Defining Adequate Response: Tier 1 for Behavior School-Wide screenings (< 20% identified) ODRs by October (< 2 majors) Teacher nominations, ESE (EBD) referrals Declining trend* in discipline data Attendance, tardies
Step 4 – Plan Evaluation of Effectiveness Have planned improvements to core been effective? Step 4/Tier 1 Integrated Guided Questions
Performance Fall Positive Response to Intervention Expected Performance Observed Performance WinterSpring Gap is closing, Can extrapolate point at which target student(s) will “come in range” of target--even if this is long range
Performance Time Positive Response to Intervention Expected Trajectory Observed Trajectory
Performance Fall Questionable Response to Intervention Expected Performance Observed Performance WinterSpring Rate at which gap is widening slows considerably, but gap is still widening Gap stops widening but closure does not occur
Performance Time Questionable Response to Intervention Expected Trajectory Observed Trajectory
Performance Fall Poor Response to Intervention Expected Performance Observed Performance WinterSpring Gap continues to widen with no change in rate.
Performance Time Poor Response to Intervention Expected Trajectory Observed Trajectory
Decisions What to do if RtI is: Positive Continue intervention with current goal Continue intervention with goal increased Fade intervention to determine if student(s) have acquired functional independence.
Decisions What to do if RtI is: Questionable – Was our DBPS process sound? – Was intervention implemented as intended? If no - employ strategies to increase implementation integrity If yes - – Increase intensity of current intervention for a short period of time and assess impact. If rate improves, continue. If rate does not improve, return to problem solving.
Decisions What to do if RtI is: Poor – Was our DBPS process sound? – Was intervention implemented as intended? If no - employ strategies in increase implementation integrity If yes - – Is intervention aligned with the verified hypothesis? (Intervention Design) – Are there other hypotheses to consider? (Problem Analysis) – Was the problem identified correctly? (Problem Identification)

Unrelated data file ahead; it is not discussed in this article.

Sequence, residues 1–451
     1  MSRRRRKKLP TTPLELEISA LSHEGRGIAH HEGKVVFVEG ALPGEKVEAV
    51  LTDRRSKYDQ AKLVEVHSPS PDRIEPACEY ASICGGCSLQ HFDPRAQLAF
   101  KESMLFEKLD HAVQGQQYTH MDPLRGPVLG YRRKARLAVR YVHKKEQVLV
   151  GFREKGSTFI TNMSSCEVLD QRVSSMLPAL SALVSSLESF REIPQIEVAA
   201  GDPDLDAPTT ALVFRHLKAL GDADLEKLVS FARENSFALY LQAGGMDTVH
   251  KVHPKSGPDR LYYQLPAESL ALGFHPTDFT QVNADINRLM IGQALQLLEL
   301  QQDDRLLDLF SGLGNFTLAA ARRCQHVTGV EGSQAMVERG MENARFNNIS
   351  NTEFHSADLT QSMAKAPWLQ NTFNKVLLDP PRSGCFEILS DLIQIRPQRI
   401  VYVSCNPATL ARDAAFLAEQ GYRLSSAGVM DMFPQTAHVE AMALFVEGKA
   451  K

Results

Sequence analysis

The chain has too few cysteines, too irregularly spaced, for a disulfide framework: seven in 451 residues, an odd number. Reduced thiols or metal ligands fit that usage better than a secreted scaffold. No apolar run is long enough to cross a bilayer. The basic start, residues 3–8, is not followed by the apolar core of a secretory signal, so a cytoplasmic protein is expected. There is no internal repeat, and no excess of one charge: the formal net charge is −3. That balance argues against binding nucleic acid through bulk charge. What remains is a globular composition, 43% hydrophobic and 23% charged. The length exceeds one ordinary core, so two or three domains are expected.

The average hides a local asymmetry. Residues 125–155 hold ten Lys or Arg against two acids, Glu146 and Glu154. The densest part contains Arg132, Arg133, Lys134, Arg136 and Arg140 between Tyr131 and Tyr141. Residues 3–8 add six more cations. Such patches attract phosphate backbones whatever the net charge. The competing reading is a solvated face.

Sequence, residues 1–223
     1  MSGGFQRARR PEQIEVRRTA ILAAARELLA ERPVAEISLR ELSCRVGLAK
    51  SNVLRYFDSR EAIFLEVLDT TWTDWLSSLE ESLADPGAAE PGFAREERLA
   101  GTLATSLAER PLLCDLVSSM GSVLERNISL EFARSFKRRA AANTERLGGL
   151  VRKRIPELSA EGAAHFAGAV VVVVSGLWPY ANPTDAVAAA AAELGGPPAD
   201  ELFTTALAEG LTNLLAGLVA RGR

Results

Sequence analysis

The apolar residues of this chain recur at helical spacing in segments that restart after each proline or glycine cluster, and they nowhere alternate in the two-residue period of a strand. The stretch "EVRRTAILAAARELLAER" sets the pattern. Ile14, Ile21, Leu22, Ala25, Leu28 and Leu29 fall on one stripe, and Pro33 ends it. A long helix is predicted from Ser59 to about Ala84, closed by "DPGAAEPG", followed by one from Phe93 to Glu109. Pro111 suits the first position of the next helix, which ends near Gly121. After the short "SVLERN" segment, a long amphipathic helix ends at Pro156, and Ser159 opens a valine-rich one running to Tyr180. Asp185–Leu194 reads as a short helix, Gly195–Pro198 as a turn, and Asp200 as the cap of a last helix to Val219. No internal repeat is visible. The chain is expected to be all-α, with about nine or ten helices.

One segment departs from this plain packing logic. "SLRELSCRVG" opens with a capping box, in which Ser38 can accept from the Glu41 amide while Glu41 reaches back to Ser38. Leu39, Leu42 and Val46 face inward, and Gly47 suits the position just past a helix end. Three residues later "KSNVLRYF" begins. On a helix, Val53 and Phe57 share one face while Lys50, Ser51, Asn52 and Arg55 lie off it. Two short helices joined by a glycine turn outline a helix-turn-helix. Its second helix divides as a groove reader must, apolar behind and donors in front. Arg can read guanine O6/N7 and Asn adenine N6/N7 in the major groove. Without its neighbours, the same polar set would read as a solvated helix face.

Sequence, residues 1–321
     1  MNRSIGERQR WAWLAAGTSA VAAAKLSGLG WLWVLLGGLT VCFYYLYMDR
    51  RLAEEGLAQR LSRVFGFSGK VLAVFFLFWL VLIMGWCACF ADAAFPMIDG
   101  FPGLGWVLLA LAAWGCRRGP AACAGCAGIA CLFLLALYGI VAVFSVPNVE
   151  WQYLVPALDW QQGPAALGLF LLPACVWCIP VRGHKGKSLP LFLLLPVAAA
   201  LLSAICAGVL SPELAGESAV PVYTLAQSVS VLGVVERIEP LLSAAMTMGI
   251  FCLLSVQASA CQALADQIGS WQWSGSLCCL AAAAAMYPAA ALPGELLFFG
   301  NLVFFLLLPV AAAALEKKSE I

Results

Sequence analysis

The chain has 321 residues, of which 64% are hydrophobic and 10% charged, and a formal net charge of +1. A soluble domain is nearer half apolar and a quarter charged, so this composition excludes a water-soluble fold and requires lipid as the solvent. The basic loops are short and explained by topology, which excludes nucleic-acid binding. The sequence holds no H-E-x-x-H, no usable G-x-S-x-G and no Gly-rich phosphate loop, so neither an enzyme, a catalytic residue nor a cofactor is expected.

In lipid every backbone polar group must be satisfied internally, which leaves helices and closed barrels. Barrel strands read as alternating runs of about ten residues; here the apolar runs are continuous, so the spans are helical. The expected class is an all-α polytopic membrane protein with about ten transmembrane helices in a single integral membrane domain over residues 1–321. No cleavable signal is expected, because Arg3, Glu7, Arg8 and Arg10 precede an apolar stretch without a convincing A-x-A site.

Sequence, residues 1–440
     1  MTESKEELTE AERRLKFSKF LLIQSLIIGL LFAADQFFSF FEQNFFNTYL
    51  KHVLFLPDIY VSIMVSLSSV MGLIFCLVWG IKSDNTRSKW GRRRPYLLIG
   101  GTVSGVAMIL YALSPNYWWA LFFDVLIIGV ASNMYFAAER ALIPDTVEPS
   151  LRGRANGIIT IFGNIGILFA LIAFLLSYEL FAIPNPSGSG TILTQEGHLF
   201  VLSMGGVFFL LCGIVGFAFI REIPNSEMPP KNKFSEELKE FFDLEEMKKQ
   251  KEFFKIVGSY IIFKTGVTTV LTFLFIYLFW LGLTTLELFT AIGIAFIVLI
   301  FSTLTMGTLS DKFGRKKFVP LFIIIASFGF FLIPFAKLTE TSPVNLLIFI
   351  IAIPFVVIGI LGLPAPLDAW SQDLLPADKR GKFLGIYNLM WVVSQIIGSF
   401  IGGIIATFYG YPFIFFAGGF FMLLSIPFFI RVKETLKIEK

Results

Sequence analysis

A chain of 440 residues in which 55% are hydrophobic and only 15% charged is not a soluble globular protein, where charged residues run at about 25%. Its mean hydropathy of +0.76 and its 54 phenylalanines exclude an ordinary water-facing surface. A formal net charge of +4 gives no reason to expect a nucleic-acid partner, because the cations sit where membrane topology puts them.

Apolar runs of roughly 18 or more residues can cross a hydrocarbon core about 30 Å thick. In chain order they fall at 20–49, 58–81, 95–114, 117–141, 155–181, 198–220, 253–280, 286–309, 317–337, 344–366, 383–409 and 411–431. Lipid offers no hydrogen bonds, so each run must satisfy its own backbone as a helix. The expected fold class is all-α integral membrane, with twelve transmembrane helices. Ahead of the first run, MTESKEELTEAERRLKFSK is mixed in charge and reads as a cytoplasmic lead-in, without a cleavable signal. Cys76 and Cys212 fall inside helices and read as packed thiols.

We CANNOT Continue to Ignore the Data… Will we meet our goal of 100% by 2014?
FLDOE Race to the Top L ocal I nstructional I mprovement S ystem Minimum Standards FLDOE identified nine component areas of a LIIS and specific requirements for each.
6. Analysis and Reporting-The system will leverage the availability of data about students, district staff, benchmarks, courses, assessments, and instructional resources to provide new ways of viewing and analyzing data. 8. Data Integration-The system will include or seamlessly share information about students, district staff, benchmarks, courses, assessments, and instructional resources to enable teachers, students, parents, and district administrators to use data to inform instruction and operational practices.
Academics & Behavior influence one another in a multitude of ways Systems & resources are being developed to support DBPS – RtI:B database – Workgroup models & materials The Reciprocal Nature of Academic & Behavior Outcomes